As a leading consultancy firm specialising in Business Intelligence we have been asked to look at the major trends we expect to see in the Business Intelligence market both for 2013 and the coming years. These trends are the result of extensive vendor research and discussions with our customers regarding their priorities for Business Intelligence and what makes it a success.
1. Social BI: letting people work together
In the past the major focus of the Business Intelligence vendors has mainly been on developing new functionality for developing reports, dashboards, data visualisation and the distribution of these reports and dashboards. New functionality has been added continually in these areas, under the assumption that these “features” were necessary to beat the competition and win new customers. However a few innovative vendors have been looking at Business Intelligence as a process, and have figured out that this process is more complicated than distributing the right information to the right people in the right format.
Some of these Business Intelligence pioneers have been working on Social Business Intelligence, adding new functionality to document analysis, decision management and to enabling on-line discussions about the numbers, extending the Business Intelligence process to the area of decision making. They have added several social features including: commenting, likes and shared analysis.
From a business perspective these features are really valuable and will definitely increase the usability and the value of Business Intelligence. Users can see, interpret, analyze, discuss and document the performance numbers within one application. They no longer need to consult different sources and ask their colleagues what is going on it, is all available in one place. Mobile Business Intelligence will help make this even more effective.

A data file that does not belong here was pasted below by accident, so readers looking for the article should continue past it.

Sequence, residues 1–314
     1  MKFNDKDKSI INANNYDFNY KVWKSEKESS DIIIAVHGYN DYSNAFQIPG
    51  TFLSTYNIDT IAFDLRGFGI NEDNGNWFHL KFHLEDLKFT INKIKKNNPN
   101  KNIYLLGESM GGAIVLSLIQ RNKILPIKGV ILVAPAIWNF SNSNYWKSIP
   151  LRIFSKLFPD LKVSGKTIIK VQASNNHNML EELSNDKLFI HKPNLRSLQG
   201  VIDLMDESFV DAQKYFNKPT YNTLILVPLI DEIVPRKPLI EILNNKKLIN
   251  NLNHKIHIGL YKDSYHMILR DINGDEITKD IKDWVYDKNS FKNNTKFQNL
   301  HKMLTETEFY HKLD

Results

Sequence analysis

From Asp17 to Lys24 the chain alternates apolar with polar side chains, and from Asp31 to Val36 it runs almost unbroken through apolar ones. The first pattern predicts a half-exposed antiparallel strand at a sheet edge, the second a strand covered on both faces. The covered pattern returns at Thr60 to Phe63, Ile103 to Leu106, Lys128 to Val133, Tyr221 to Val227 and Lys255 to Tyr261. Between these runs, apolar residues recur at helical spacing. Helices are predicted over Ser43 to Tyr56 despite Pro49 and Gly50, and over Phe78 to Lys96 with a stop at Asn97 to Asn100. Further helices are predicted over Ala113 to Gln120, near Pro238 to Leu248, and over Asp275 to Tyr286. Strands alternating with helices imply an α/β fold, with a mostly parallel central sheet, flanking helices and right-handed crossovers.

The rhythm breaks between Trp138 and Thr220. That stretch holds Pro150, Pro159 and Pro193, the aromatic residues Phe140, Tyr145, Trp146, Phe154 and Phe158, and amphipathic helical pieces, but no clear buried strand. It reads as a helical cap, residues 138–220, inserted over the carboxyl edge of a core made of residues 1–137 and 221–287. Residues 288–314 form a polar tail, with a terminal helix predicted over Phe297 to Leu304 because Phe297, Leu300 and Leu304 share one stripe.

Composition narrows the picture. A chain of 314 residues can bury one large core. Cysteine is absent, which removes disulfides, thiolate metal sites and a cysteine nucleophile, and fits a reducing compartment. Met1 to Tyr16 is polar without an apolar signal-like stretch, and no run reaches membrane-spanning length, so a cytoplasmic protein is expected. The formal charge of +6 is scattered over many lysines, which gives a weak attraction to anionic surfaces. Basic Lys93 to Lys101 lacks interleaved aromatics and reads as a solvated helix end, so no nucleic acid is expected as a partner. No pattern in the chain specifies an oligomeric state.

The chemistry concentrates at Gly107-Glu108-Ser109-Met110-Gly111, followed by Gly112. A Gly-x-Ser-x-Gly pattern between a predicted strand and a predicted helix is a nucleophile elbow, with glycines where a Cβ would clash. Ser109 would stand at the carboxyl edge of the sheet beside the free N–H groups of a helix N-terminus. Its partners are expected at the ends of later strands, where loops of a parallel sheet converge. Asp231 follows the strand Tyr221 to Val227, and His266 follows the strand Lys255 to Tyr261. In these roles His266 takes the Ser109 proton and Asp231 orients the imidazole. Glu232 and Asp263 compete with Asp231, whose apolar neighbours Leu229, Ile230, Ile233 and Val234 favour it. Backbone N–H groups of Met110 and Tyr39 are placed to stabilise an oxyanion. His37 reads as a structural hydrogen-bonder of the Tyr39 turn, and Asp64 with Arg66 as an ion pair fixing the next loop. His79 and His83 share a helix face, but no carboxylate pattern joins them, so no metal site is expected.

2. Business Intelligence frameworks
In the area of software engineering professional developers are very used to the concept of reusability when it comes to developing information systems, but less so in the Business Intelligence software market. From the start of Business Intelligence, thirty years ago, the focus of Business Intelligence has been mainly on reporting, graphics and Online Analytical Processing (OLAP). Now we can see a shift developing; more and more vendors and organizations are looking at Business Intelligence as an efficient way of providing business insights. Where reports are almost impossible to reuse because of their static nature and large size, insights aren’t. Insights are small reusable objects, containing a parameter driven query and adequate visualisation, which can be stored in a library. These insights can be reused in reports, analysis, dashboards, intranets, mobile devices and even websites.
From basic insights it is only a small step to automating the complete information logistics by defining which insights should be used by which organizational roles. The benefit is huge: users can see almost instantly the information that is relevant to them instead of having to search through endless information sources most of which are irrelevant to them. In addition: insights can be reused by and shared among other roles, even external roles like customer or vendor. This type of information logistics is addressed in Business Intelligence frameworks. So, don’t just design reports, but design insights and more important, reuse them as much as possible.
3. Performance and Big Data